The old man listened as the Ethiopian next to him turned livid at a presumed betrayal.
After a quick calculation by the fight’s organizers in the booth above, it was decided the decapitation had earned the woman enough points to face the latest champion, a new crowd favorite who had only been crowned three days earlier. Whether she actually had, by the rules, jumped three spots or not, no one cared. The crowd wanted blood. And they’d pay to see it.
The hexagonal auditorium went quiet as the woman bent and listened to the dwarf describe both the unusual opponent and the rules of a title match. Many grumbled, but then, even a woman had a right to know what she was facing.
The crowd whispered a name over and over between them. “Cano . . .”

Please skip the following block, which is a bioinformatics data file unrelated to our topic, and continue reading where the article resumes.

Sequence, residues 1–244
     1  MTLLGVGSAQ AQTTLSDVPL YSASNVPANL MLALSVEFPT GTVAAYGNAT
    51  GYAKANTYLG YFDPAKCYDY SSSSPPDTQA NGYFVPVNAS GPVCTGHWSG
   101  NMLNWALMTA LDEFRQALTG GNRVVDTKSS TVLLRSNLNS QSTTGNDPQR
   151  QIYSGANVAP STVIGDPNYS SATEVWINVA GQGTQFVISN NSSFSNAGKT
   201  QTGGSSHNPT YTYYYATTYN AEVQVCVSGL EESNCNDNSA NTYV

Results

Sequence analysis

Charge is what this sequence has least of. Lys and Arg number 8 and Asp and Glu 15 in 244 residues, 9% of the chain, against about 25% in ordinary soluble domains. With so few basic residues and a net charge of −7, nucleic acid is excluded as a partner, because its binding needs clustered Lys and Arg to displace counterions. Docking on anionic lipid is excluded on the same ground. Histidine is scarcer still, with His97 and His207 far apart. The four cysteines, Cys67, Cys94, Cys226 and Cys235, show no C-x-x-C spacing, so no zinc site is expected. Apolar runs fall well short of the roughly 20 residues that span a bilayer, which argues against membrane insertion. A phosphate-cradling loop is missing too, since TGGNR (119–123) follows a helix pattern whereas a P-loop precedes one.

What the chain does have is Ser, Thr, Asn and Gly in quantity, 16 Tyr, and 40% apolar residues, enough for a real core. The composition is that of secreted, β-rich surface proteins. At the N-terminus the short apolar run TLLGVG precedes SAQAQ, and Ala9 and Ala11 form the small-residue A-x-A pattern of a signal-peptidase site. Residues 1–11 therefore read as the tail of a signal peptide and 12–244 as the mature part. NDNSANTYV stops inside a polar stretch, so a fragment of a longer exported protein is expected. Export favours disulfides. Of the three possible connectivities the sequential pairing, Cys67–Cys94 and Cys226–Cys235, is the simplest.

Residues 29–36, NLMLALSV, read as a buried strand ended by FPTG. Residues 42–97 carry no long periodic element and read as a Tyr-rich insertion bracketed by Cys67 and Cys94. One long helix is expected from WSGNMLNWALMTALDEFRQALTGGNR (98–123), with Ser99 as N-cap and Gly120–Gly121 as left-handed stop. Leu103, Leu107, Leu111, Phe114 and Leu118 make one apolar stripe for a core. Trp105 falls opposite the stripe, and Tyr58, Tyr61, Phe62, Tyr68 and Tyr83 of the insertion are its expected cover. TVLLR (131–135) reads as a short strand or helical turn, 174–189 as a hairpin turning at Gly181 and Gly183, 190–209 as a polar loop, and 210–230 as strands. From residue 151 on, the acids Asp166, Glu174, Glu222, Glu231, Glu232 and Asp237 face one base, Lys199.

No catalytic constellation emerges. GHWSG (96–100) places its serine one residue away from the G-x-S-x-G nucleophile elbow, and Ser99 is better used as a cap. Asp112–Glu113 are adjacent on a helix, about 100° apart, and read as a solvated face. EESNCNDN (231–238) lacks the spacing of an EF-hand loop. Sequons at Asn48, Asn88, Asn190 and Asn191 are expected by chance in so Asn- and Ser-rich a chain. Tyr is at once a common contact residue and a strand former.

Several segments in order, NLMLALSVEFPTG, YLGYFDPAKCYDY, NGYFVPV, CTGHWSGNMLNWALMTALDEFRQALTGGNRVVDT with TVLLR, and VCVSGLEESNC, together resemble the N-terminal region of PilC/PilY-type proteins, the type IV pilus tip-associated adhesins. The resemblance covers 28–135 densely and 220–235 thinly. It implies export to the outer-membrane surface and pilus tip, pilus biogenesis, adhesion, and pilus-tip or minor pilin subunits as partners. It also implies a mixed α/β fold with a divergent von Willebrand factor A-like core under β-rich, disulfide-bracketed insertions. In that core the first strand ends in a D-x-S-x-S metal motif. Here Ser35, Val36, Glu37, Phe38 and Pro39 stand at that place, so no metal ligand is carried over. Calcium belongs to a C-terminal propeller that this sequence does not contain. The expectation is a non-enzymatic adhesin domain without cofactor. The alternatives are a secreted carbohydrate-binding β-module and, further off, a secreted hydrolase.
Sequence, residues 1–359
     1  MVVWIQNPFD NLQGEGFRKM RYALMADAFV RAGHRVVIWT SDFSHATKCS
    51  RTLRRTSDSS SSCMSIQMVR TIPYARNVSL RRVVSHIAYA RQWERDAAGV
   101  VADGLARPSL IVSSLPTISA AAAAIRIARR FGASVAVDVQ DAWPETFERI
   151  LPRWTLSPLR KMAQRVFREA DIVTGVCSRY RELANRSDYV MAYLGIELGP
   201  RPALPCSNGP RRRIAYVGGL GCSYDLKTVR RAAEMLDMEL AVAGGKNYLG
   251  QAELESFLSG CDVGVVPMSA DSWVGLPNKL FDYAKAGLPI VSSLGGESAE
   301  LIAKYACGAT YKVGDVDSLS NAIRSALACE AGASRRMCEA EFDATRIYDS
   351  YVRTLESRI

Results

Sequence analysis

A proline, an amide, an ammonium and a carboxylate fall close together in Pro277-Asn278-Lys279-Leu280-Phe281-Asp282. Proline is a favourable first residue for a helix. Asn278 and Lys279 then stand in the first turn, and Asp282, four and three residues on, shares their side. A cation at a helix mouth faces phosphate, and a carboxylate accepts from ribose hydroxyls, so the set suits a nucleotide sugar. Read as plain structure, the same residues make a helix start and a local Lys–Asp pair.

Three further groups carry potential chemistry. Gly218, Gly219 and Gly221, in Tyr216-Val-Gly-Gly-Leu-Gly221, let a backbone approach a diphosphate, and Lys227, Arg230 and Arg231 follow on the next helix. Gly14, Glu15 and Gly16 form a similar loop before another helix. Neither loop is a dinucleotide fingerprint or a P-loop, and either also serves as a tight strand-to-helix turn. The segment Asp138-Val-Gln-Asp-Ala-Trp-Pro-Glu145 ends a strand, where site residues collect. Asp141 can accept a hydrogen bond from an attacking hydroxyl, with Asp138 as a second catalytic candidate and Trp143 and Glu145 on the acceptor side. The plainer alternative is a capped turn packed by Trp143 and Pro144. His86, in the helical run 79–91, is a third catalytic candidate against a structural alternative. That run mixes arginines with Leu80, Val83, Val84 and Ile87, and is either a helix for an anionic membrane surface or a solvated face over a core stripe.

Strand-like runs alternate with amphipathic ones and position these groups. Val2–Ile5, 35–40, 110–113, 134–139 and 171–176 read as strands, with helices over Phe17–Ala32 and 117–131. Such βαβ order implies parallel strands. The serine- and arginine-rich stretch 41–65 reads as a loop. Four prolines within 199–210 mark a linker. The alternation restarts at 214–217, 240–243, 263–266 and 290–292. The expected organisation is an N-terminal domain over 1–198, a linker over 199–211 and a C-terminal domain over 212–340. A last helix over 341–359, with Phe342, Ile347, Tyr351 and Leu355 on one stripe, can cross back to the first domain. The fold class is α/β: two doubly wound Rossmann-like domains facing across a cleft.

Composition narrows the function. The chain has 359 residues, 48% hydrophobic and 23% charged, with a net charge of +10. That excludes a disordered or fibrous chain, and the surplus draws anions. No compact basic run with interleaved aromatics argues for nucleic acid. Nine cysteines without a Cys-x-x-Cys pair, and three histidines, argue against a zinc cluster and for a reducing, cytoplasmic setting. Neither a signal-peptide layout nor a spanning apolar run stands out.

When she nodded in assent, cheers burst with such force that the plywoods walls shook and the old man grimaced.
The Ethiopian tapped his shoulder. “Now you will see. Now Cano will show that bitch.”
“I’m afraid I won’t see anything, my friend. But if I were you, I would be careful about paying any more money.”
“Why? Marcel pays the cartels to run a clean fight. That is why we come. Your money is safe here. Not like with the Triads across town.”
“Oh, it’s not the little man I would worry about. Or the cartels. It’s the other two.”
The dwarf returned and explained that Cano wouldn’t face a woman. The crowd booed and the little man suggested they raise the stakes to entice him.